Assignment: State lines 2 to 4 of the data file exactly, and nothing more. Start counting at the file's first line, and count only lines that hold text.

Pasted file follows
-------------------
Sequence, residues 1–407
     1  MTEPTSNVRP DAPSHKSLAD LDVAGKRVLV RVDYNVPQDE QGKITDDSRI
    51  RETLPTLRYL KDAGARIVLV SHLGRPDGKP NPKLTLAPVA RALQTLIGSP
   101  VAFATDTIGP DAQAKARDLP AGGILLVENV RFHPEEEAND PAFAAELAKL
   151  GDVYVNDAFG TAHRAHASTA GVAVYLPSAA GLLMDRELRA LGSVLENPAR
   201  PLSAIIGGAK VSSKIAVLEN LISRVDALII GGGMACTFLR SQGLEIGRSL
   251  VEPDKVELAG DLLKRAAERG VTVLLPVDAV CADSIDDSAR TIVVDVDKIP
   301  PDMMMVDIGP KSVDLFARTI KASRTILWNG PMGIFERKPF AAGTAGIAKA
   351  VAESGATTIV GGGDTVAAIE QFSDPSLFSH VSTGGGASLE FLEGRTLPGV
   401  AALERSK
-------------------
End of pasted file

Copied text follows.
     1  MTEPTSNVRP DAPSHKSLAD LDVAGKRVLV RVDYNVPQDE QGKITDDSRI
    51  RETLPTLRYL KDAGARIVLV SHLGRPDGKP NPKLTLAPVA RALQTLIGSP
   101  VAFATDTIGP DAQAKARDLP AGGILLVENV RFHPEEEAND PAFAAELAKL